It was a beautiful and exciting day in Charleston as we ventured over to James Island. Meg, the Dirthugger Farms, and even the chickens welcomed us on to their farming land where we were able to experience the agricultural practice of farming vegetables, fruit, and herbs at first-hand. We all contributed in GAP research over the weekend, but we had yet to see a forthcoming GAP practice in action. Meg’s open-air, wooden structural shed is not a structure that is able to be GAP certified; however, it lays the important foundation and building blocks that we, Studio V, hope to carry-out and build off of throughout the semester. Studying and understanding the fine principles and knowledge of building a Good Agricultural Practices structure supporting the harvesting, cleaning, storing, and shipping procedures have been fine-tuned today, many thanks to Meg.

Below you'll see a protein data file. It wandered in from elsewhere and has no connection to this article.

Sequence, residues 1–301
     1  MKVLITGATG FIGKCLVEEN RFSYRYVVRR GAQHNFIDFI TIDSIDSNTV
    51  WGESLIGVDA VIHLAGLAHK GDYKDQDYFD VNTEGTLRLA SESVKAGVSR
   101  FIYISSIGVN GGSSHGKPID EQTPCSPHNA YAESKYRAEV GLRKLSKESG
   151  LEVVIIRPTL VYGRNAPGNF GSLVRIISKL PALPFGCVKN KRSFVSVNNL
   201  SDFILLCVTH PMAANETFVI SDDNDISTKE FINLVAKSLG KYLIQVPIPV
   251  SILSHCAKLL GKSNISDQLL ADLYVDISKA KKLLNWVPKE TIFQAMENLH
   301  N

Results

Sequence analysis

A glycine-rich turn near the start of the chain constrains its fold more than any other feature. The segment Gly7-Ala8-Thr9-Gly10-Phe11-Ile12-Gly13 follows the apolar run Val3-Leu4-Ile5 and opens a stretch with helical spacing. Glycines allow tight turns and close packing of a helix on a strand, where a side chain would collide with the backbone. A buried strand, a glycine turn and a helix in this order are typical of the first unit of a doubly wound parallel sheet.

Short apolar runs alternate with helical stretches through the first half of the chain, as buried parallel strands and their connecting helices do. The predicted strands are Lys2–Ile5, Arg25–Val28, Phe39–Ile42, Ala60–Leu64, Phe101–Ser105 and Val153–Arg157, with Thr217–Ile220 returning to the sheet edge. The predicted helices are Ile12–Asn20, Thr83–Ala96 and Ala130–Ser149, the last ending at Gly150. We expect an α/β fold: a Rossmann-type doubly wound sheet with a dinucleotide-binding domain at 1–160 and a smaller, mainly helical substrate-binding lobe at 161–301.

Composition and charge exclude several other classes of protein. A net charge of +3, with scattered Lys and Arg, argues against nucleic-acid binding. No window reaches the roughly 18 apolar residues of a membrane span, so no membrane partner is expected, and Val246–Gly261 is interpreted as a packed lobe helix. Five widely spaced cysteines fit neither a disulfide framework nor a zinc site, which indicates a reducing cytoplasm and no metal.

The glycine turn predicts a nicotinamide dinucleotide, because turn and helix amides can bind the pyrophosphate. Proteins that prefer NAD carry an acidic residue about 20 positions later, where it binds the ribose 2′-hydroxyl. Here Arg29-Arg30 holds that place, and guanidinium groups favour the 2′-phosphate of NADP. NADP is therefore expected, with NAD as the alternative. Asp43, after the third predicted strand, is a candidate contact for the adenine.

I am sure we will all still have questions regarding further research on GAP and how to successfully shape a design program to suit the growing agricultural practice’s needs. But I know I can speak for all of Studio V saying that we are excited for this challenge, and cannot wait to put forth ideas and design methods in order to create a more healthy and sustainable agricultural practice. Go Studio V! Off to our site at Sweetgrass Garden on Wednesday!
For more information on Dirthugger Farms, please visit its lovely website!